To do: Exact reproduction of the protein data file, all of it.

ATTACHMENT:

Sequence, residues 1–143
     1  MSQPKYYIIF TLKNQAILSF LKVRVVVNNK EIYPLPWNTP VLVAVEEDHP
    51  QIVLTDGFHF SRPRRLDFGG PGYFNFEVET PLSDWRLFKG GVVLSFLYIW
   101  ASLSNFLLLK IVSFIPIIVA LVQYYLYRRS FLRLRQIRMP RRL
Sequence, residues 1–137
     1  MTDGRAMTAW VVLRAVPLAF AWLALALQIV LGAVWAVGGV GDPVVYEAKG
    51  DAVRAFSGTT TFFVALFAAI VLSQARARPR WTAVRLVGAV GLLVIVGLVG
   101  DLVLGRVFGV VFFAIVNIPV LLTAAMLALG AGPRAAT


Sequence, residues 1–143
     1  MSQPKYYIIF TLKNQAILSF LKVRVVVNNK EIYPLPWNTP VLVAVEEDHP
    51  QIVLTDGFHF SRPRRLDFGG PGYFNFEVET PLSDWRLFKG GVVLSFLYIW
   101  ASLSNFLLLK IVSFIPIIVA LVQYYLYRRS FLRLRQIRMP RRL
Sequence, residues 1–137
     1  MTDGRAMTAW VVLRAVPLAF AWLALALQIV LGAVWAVGGV GDPVVYEAKG
    51  DAVRAFSGTT TFFVALFAAI VLSQARARPR WTAVRLVGAV GLLVIVGLVG
   101  DLVLGRVFGV VFFAIVNIPV LLTAAMLALG AGPRAAT